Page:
Anadarko shifts focus to Otago coast after $1m-a-day Taranaki operation draws blank.
United States oil company Anadarko says its first New Zealand deep sea exploration well failed to find commercial quantities of oil or natural gas after a million-dollar-a-day campaign off Taranaki.
Drilling of the Romney 1 well in the deepwater Taranaki Basin - about 160 km off the Raglan coast - began in November but it was found to be "water-bearing" after reaching its total depth of 4619m, the Texas-based firm announced.
"Though the well, drilled by the state-of-the-art drillship Noble Bob Douglas in 1550m of water, did not encounter commercial quantities of oil or natural gas, the data collected from the well will be very useful in determining future activity," the company said.
The firm said the Romney 1 well would be abandoned and plugged in accordance with New Zealand regulations. Anadarko started drilling in late November.
Anadarko spokesman Alan Seay said the Noble Bob Douglas would now move to another exploration site in the Canterbury Basin off the Otago coast.
The US company's New Zealand exploration programme has been controversial, with environmental groups questioning the safety of deep sea drilling in the wake of BP's Deep Sea Horizon oil spill in the Gulf of Mexico in 2010.
Questions have also been raised over this country's ability to respond to a similar disaster.
A flotilla of protest boats has shadowed the Noble Bob Douglas during its time off the North Island's west coast.
Anadarko had a 25 per cent interest in the Gulf of Mexico oil prospect in which the Deep Sea Horizon was drilling.
Greenpeace energy campaigner Steve Abel said the announcement was "a real bad day for John Key's Government and for Anadarko".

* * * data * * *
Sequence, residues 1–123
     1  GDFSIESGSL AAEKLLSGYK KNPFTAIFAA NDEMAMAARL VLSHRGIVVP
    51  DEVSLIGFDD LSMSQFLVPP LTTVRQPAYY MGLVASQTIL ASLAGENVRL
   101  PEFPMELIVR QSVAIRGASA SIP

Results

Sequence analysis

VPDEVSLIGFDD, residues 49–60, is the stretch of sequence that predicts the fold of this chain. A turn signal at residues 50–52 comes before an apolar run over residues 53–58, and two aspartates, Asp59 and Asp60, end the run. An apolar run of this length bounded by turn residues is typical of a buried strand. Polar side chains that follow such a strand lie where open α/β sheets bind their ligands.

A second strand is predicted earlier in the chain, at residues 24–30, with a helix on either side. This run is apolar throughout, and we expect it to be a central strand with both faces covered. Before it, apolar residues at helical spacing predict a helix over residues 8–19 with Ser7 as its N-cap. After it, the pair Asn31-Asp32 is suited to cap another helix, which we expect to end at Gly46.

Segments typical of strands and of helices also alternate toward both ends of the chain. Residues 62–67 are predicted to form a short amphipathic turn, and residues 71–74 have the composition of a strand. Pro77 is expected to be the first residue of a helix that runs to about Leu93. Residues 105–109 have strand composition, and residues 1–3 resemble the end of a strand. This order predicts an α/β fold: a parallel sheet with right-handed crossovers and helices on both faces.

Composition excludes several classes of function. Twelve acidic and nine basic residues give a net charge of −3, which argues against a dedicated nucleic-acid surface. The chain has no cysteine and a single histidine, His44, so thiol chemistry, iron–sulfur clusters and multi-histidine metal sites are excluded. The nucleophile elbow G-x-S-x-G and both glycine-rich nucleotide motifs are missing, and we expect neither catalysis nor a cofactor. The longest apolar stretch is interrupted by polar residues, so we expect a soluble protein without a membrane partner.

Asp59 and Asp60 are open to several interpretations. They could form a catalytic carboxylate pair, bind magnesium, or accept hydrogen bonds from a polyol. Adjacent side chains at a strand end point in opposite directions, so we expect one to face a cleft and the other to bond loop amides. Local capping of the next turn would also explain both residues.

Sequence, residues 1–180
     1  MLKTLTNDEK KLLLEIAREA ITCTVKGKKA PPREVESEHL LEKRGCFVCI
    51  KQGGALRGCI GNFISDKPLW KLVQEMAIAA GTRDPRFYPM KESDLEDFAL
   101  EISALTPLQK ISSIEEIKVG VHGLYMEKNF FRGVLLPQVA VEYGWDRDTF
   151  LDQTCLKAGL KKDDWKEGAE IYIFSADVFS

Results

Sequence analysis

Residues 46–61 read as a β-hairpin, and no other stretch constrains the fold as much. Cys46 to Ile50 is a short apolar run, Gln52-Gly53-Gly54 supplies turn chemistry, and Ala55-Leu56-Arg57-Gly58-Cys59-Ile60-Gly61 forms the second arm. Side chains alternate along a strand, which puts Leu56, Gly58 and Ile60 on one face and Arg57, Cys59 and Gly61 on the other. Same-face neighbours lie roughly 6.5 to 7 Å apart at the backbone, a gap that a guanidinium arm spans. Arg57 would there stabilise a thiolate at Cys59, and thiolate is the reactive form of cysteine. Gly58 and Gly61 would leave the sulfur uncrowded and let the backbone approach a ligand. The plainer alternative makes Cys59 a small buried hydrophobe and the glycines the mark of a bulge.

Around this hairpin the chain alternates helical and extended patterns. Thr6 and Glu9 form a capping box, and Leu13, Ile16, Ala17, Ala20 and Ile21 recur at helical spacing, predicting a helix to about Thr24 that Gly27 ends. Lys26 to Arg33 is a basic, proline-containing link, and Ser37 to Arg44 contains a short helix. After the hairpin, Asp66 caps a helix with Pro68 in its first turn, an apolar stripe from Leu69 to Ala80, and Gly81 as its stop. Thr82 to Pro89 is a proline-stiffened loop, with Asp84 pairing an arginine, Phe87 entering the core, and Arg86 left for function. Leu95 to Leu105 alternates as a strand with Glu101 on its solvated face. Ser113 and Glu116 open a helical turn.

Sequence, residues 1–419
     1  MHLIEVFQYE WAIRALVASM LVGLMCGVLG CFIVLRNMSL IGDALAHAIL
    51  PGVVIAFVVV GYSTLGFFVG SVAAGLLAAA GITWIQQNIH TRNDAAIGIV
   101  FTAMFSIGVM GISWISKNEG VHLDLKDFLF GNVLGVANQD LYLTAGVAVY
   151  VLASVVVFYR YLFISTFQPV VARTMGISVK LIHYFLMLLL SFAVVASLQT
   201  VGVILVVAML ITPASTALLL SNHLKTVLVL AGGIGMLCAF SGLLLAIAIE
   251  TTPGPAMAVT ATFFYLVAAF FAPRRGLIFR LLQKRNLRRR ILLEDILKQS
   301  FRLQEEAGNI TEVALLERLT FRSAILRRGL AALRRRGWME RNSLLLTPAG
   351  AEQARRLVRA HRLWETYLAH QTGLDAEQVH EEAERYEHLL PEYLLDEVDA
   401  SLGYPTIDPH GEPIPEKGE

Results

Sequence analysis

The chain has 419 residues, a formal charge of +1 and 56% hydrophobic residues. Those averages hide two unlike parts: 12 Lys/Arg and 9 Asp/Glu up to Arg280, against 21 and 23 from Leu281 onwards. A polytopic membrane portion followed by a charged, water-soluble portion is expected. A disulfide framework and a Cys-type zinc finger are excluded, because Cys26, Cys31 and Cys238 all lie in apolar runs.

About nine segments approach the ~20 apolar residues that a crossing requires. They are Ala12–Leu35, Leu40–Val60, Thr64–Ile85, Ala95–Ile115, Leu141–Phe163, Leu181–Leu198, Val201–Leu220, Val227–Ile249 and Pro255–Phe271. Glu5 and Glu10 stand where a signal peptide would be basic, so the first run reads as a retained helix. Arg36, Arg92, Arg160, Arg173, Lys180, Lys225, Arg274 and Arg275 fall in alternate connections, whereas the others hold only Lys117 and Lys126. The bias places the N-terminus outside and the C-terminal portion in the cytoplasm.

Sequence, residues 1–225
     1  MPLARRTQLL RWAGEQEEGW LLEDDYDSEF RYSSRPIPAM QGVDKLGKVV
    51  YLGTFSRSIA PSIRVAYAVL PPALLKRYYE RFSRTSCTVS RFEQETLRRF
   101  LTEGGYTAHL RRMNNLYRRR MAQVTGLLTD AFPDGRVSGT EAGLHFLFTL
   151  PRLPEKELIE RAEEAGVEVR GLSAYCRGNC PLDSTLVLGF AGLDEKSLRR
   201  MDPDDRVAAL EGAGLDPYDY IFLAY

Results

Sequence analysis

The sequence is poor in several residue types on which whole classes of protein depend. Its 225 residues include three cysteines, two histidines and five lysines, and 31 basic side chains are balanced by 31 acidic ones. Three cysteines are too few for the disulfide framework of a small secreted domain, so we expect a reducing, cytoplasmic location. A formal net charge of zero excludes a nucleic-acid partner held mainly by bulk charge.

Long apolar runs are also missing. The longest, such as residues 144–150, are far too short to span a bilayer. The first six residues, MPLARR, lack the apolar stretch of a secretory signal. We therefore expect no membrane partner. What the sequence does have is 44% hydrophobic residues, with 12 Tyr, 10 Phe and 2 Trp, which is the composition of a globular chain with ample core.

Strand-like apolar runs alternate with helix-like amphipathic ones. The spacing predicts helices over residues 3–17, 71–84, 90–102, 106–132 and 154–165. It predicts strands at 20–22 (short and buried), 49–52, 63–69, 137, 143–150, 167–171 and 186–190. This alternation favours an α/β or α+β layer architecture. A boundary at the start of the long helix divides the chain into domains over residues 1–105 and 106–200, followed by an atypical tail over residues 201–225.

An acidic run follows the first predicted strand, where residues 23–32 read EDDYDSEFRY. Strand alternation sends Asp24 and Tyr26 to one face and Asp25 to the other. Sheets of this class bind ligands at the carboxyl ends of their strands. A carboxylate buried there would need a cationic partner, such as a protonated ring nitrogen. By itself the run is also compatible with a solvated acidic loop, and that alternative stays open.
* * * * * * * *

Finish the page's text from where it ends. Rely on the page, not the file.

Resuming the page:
"The Texan oil giant has not only announced that their New Zealand drilling has failed, they've also announced a loss of over $950 million dollars in the last quarter," Abel said.
He said the Government had wasted a lot of political capital over the drilling programme.
"Instead, they should be backing our own cutting-edge clean energy industry, which will bring thousands of jobs and a multi-billion-dollar economic boost. That's what smart politicians would be doing."
Chief executive of the Petroleum Exploration and Production Association David Robinson said finding commercial quantities of oil and natural gas was no easy feat.
"A lot has been made of the proposed risks associated with drilling in deep water - yet the facts are, just because you drill does not mean you will find hydrocarbons," he said.
"Opponents of the oil and gas industry have campaigned on the idea that drilling a well in deep water automatically means oil and the risk of an incident. Anadarko debunked their myths, and show the truth behind oil and gas industry - and that is oil and gas are really hard to find. Data collected from the well will be useful in determining future activity."